Cookieless identity solutions such as Unified ID 2.0, led by The Trade Desk, Liveramp IdentityLink, and Lotame Panorama ID, will help reach high-value segments without wasting media dollars on the wrong audiences. But, there will still be gaps. Pre-made audiences and 1:1 third party targeting will not be the same. As third party cookie identity resolution is no longer shared across the web, advertisers will need to tap a few different targeting and buying strategies. I also expect walled gardens will center in on themselves more, protecting their high value audience data. 

To overcome these challenges, marketers use all the data at your disposal to understand customers better, from channel-based information, survey data, CRM analysis, Google Analytics, publishers, and more. 

Cookieless Targeting Tips

What’s your best advice to brands preparing for a cookieless future?

There’s a lot to consider, but the two simple things digital marketers should prioritize are: 

  1. Invest in first-party data collection
  2. Start testing now 

The most important thing you can do now is establish a baseline. Then you can conduct a true study comparing your performance with and without cookies. Cover these two bases and you will be ahead of many brands. From there, you can continue to refine and adjust your research, targeting and measurement strategies as the industry evolves. 

Our team at Coegi is actively testing cookieless identity solution options and brainstorming innovative cookieless media plans for our clients. For more strategic insights and tips on how to prepare your digital advertising for this change in consumer privacy, listen to our full podcast episode on cookieless targeting here

Reaching the Next Generation of Farmers

Reaching the next generation of farmers is an increasing concern in agriculture marketing. As those in the world of ag are well aware, the average age of farmers is far higher than most industries, creating concerns about the future of global production. In North America, reports indicate the average age of all farmers to be between 57 and 60, with even the newcomers to the field largely over the age of 45. However, the latest USDA census shed light on a positive trend: over a quarter of new producers were below the age of 35. 

Encouragingly, younger generations are indicating an interest in careers in agriculture. The fastest growing age range for new farmers overlaps with older Millennials and, due to demand from the younger Gen Z population, public universities have steadily increased their offerings related to agriculture, food sciences and sustainability for the past 3 years

New Opportunities For Agriculture Marketers

For agriculture marketers, this presents a fresh audience who are engaging with emerging technologies, agribusiness resources, and the modernized tools needed to shape the future of their farms. Brands who adapt their marketing strategies to reach these digitally native individuals can establish significant value for the future of their brands.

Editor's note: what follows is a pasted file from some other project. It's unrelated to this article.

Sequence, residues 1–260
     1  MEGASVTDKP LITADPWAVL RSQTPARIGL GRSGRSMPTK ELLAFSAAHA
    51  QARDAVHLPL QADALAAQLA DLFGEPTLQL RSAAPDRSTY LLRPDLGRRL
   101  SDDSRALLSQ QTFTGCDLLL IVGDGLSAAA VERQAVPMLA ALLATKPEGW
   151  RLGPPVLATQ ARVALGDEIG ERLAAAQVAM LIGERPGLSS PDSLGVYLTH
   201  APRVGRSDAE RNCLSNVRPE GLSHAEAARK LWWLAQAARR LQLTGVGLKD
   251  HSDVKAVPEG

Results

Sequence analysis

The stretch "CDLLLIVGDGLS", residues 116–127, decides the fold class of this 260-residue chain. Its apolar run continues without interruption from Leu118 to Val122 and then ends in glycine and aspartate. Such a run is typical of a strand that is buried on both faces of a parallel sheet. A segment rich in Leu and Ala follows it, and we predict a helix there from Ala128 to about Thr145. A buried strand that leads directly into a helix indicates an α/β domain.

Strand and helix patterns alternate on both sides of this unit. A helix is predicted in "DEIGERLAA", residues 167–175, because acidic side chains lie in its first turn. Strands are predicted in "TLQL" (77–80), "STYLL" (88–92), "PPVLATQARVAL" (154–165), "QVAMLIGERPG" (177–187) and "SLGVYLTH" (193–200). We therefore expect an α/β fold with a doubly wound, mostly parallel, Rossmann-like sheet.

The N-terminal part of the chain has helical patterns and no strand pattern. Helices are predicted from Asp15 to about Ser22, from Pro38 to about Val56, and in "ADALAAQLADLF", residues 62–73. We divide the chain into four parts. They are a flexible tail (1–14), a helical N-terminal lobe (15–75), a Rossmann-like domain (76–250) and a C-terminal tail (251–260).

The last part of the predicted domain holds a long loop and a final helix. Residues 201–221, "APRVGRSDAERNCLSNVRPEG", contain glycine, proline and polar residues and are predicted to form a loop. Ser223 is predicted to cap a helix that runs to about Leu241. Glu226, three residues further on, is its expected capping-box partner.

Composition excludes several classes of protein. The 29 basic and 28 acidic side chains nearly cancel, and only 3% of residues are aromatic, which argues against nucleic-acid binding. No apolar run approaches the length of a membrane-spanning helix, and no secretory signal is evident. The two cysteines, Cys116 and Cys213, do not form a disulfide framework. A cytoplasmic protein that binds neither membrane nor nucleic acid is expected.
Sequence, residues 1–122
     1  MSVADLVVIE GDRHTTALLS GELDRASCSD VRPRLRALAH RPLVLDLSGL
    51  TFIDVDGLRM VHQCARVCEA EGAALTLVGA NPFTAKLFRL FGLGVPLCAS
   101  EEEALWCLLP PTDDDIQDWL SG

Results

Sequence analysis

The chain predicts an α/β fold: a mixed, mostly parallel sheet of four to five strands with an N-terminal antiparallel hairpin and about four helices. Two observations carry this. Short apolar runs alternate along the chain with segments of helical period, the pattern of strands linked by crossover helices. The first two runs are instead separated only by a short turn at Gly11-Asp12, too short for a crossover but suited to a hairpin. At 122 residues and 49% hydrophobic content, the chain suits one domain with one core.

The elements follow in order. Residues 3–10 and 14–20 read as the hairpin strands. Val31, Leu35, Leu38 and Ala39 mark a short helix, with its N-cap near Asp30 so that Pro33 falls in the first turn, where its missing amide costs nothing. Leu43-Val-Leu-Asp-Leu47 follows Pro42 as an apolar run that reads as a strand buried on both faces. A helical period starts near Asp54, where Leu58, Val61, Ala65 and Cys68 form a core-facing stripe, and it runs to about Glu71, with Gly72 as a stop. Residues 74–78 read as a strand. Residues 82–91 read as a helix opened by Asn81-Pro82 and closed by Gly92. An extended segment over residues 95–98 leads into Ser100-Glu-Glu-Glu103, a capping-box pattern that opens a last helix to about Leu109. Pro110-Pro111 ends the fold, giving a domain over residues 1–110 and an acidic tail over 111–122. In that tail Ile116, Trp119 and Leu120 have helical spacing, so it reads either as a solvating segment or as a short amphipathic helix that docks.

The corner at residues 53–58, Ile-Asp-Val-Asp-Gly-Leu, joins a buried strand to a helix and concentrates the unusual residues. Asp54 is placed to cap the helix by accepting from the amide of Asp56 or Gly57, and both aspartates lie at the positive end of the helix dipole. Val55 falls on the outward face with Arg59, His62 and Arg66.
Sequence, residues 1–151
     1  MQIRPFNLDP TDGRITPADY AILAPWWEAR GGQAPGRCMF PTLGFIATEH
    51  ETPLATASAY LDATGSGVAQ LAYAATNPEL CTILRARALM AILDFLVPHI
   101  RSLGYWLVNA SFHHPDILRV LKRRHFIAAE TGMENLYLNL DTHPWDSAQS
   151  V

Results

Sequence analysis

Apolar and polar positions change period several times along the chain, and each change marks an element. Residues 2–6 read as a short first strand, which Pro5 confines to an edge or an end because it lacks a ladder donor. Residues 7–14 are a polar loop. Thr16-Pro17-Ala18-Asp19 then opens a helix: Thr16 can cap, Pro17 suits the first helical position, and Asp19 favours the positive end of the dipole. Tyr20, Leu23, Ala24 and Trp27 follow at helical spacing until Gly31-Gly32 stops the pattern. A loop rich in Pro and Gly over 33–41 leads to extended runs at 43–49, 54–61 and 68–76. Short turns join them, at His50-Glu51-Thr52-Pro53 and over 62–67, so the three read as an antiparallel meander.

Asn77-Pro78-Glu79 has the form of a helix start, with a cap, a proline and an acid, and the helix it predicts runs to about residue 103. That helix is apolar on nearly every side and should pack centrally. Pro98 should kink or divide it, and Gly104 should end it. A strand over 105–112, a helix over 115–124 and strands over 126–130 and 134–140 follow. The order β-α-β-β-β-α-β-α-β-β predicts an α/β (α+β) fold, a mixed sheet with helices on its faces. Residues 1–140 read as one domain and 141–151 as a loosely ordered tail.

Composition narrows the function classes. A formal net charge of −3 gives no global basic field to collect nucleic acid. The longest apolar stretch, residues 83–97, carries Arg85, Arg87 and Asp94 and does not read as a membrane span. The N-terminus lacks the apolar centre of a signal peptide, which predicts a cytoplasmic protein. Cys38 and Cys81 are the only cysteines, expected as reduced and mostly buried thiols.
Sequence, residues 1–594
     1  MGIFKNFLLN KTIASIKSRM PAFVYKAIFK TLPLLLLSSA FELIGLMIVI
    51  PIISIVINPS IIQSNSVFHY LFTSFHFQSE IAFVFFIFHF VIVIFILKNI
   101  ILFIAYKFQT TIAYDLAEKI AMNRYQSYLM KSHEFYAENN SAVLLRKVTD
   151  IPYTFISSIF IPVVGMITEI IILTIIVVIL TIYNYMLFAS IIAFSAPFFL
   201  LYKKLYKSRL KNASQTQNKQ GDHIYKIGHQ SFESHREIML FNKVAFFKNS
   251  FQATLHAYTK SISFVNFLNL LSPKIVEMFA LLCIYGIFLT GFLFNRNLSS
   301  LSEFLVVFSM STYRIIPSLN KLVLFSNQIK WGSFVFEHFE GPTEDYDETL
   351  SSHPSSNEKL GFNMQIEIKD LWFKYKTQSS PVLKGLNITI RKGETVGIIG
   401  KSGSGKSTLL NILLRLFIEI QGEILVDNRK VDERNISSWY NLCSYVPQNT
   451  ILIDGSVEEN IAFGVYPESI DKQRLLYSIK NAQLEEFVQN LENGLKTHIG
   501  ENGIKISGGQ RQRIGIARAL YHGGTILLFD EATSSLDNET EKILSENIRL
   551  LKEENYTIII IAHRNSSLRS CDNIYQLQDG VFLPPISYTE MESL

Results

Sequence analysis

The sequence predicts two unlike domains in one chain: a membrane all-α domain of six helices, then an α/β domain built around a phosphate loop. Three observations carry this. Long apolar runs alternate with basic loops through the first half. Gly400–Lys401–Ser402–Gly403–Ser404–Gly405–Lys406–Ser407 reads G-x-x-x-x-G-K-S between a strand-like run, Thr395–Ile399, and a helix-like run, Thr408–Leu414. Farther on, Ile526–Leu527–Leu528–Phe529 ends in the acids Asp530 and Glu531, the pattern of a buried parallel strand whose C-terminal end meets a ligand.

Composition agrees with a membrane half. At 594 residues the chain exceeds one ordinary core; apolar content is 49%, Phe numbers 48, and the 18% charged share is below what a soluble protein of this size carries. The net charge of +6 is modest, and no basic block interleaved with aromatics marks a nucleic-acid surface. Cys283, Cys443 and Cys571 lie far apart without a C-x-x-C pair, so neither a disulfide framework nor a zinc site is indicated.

Creating content to reach the next generation of farmers is an exciting opportunity for marketers, but don’t assume everyone in this age group is reachable with a one-size-fits-all media strategy. Though they may be united as the next generation of farmers, the current batch of “under 35s” span two generations: Millennials and Gen Z. Despite being close-ish in age, Millennials and the college-aged Gen Zs use media very differently. Agriculture marketing strategies must reflect these differences using personalized, curated approaches to reach their maximum potential.

Speaking To Millennial Farmers

 You may still picture Millennials as young adults, but they now range from being in their late twenties to early forties. So when you picture a Millennial interested in ag, you should be picturing the Millennial Farmer,” Zach Johnson, a 37-year old father of three who manages 2,600 acres and a popular YouTube account documenting farm life. Johnson and his fellow 30-somethings make up a group we would personify as the ‘Established Young Farmer’. 

They are an ideal group to reach with branded articles, invitations to industry events or webinars, and specific product and service promotions related to their farms. Though not as seasoned as their farming mentors, the Established Young Farmer is just that, established, so marketers can openly use detailed language and concrete examples of the benefits of their offerings without worrying about losing them. This audience is ideal for any advertiser wanting to highlight their offerings related to new technologies, developments in livestock medicine or crop treatments, farm finances, and farm management tools.